Viral infections are a major global health problem, representing a significant cause of mortality with an unfavorable continuously amplified socio-economic impact. The increased drug resistance and constant viral replication have been the trigger for important studies regarding the use of nanotechnology in antiviral therapies. Nanomaterials offer unique physico-chemical properties that have linked benefits for drug delivery as ideal tools for viral treatment . Currently, different types of nanomaterials namely nanoparticles, liposomes, nanospheres, nanogels, nanosuspensions and nanoemulsions were studied either in vitro or in vivo for drug delivery of antiviral agents with prospects to be translated in clinical practice. This review highlights the drug delivery nanosystems incorporating the major antiviral classes and their transport across specific barriers at cellular and intracellular level. Important reflections on nanomedicines currently approved or undergoing investigations for the treatment of viral infections are also discussed. Finally, the authors present an overview on the requirements for the design of antiviral nanotherapeutics .
The guanine derivative antiviral drug Acyclovir (ACV) is one of the oldest molecules laying successful market until Date, being commercially available in various dosage forms for oral, topical and parenteral administrations. Clinical application of this drug is superior to new antiviral agents due to its potential values such as suppression of recurrence, safety profile, minimal drug interactions, and being inexpensive. ACV is slightly water-soluble, less permeable and poorly bioavailable, yet more potential antiviral molecule, the physicochemical modifications and novel dosage form approaches resulted with more than 100 research works within a decade. The survey of literature showed enormous reports on ACV formulation development, which includes modified tablets, particulate drug delivery, vesicular drug delivery, polymeric nanoparticles, bioadhesive systems, floating dosage forms, in situ gelling systems, transdermal delivery, implantable systems, emulsified dosage forms, polymeric films/patches, etc. As the drug could be administered via multiple routes for effective site targeted action at various doses, and attracted the attention of many researches, the review of the current approaches for the delivery of ACV could be more beneficial for the new scientists. This paper is a review of recent researches highlighting the development of newer techniques and novel dosage forms of ACV for better therapeutic efficacy, which were aimed at enhancing its solubility, permeability and bioavailability .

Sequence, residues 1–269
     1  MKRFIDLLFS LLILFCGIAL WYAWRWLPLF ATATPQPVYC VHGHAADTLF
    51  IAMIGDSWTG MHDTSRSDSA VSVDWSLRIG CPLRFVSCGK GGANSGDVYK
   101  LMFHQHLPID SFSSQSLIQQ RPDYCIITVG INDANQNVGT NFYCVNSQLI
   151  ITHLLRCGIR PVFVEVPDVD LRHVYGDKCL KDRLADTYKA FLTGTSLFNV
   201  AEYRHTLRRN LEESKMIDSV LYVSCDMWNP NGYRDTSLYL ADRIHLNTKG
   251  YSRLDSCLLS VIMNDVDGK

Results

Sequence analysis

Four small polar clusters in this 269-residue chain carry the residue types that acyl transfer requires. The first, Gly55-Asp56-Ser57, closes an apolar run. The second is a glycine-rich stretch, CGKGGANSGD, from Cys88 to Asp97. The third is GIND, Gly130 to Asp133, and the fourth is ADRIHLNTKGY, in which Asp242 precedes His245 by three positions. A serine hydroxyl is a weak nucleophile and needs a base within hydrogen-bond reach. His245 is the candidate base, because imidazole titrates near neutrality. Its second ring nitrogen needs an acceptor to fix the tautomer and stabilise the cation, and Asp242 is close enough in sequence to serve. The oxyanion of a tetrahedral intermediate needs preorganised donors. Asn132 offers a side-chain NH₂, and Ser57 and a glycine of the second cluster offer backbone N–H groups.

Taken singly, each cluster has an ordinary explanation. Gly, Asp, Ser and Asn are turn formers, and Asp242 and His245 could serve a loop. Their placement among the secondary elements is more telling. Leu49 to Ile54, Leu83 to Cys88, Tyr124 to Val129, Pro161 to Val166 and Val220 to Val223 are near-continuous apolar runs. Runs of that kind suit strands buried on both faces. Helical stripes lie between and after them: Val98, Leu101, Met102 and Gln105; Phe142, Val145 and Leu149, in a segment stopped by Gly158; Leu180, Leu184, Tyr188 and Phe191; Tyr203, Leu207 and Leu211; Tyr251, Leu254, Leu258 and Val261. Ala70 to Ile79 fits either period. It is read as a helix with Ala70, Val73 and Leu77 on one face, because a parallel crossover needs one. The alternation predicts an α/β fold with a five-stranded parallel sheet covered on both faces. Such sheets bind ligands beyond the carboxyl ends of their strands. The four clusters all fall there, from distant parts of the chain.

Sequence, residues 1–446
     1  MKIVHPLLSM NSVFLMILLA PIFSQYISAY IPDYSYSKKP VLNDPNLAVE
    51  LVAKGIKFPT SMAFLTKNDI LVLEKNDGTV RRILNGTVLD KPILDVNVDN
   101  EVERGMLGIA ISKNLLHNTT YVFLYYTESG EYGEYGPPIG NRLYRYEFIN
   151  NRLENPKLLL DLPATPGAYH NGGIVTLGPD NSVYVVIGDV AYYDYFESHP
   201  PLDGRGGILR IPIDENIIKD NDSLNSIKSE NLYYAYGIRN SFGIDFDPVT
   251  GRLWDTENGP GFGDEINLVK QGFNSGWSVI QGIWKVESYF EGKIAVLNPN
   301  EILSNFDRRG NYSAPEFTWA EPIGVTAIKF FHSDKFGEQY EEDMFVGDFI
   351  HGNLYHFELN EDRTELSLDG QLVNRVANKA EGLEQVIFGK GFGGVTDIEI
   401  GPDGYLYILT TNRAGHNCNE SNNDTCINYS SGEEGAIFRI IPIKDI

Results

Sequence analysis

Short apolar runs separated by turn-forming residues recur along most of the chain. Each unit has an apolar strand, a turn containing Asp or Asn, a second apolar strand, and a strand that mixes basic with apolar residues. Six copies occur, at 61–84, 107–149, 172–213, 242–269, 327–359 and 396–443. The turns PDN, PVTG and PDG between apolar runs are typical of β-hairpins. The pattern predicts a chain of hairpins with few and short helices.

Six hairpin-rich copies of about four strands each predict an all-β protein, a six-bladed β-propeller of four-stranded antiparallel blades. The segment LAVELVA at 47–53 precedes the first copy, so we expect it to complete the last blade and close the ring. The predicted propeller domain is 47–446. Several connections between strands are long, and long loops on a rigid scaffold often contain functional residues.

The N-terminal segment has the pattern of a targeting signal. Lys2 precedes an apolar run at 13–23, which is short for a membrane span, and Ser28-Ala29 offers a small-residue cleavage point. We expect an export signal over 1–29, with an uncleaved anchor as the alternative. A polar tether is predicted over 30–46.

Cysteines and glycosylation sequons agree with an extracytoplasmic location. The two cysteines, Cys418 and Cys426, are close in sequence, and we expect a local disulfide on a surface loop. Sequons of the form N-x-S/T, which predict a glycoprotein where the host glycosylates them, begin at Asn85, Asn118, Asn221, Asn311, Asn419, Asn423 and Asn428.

Novel drug delivery approaches on antiviral agents
Viruses have the property to replicate very fast in host cell. It can attack any part of host cell. Therefore, the clinical efficacy of antiviral drugs and its bioavailability is more important concern taken into account to treat viral infections . The oral and parenteral routes of drug administration have several shortcomings, however, which could lead to the search for formulating better delivery systems. Now, day's Novel Drug Delivery Systems (NDDS) proved to be a better approach to enhance the effectiveness of the antivirals and improve the patient compliance and decrease the adverse effect .
The NDDS have reduced the dosing frequency and shorten the duration of treatment, thus, which could lead the treatment more cost-effective. The development of NDDS for antiviral and antiretroviral therapy aims to deliver the drug devoid of toxicity, with high compatibility and biodegradability, targeting the drug to specific sites for viral infection and in some instances it also avoid the first pass metabolism effect. This article aims to discuss the usefulness of novel delivery approaches of antiviral agents such as niosomes, microspheres, microemulsions, nanoparticles that are used in the treatment of various Herpes viruses and in Human Immunodeficiency Virus (HIV) infections.
Citation: Azad TA (2020) An overview of Antivirals: New Drug Delivery Systems. J Antivir Antiretrovir. S7:e001
Received: 10-Nov-2020 Accepted: 24-Nov-2020 Published: 02-Dec-2020 , DOI: 10.35248/1948-5964.20.S7.e001
Copyright: © 2020 Azad TA. This is an open-access article distributed under the terms of the Creative Commons Attribution License, which permits unrestricted use, distribution, and reproduction in any medium, provided the original author and source are credited..